There are obviously huge numbers of passengers who choose to use Heathrow with its excellent transport links to London and beyond. It’s success is despite constant opposition from both vested interests and the ill-informed and contributes hugely to the economy of London and the M4 hi-tech corridor (including Berkshire), the latter of which would probably still have agriculture as its main occupation were it not for Heathrow.

It is high time such a crucial part of our infrastructure ceased to be a political football and proper long term planning for it’s expansion and development made the subject of cross-party agreement.

Posted by Richard | Report as abusive

We are where we are with Heathrow. The UK has been stiffled by a lack of vision by successive governments, a lack of commitment and a lack of money to make the big jump forward and relocate Heathrow. For 40 years its been a crowded building site trapped within the perimeter of an ever expending London. The extra runway is another fudge in this long running process. But we have managed to keep in running somehow! Will the additional Olympics traffic in thre years time prove once and for all that we need another airport? – but not an expanded Heathrow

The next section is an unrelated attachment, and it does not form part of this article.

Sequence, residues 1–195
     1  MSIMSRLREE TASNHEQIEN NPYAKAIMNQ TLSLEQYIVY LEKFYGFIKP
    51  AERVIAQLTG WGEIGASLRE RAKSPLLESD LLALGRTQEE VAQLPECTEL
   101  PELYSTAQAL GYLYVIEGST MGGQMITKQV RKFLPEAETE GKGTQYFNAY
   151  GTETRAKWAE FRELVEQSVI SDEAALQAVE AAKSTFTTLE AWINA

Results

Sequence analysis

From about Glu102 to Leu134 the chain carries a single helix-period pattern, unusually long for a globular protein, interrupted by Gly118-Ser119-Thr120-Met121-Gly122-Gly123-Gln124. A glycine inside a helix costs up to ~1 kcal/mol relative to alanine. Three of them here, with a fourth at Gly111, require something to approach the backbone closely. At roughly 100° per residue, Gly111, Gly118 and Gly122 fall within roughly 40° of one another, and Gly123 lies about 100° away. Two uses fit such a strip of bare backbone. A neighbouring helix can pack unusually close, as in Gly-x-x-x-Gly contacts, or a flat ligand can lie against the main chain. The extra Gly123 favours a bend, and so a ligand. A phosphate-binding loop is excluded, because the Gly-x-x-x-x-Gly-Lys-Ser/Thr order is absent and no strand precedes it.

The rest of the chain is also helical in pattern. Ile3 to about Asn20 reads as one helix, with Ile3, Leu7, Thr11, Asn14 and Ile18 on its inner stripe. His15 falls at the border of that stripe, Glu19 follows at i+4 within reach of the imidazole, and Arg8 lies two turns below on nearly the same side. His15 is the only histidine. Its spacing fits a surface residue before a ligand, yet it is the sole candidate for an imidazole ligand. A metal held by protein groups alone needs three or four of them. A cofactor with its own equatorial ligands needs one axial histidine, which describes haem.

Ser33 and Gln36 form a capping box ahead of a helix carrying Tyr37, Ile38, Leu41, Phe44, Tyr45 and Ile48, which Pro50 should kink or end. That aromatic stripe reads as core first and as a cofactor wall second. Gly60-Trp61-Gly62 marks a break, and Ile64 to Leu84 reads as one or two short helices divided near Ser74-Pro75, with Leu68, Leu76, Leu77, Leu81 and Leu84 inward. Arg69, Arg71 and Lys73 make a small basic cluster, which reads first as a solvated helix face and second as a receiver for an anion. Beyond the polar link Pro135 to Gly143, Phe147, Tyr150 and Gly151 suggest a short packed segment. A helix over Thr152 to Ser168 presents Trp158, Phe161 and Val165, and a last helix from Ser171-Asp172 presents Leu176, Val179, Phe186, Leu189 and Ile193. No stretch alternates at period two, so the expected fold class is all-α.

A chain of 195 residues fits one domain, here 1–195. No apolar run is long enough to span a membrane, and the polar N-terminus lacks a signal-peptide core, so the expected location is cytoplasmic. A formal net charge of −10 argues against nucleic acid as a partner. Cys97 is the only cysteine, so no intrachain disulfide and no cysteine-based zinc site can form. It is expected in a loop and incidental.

Posted by J Sewell | Report as abusive

Passengers at Heathrow are treated worse than cattle, herded through inadequate security and trundled on uncomfortable buses for miles past depressing and decaying airport buildings. I last passed through about two years ago and vowed never to repeat the experience.

They could try to improve things by actually finishing a building then leaving it alone rather than constant tinkering, a master plan would help.

Give me Manchester any day.

Posted by Tonyp | Report as abusive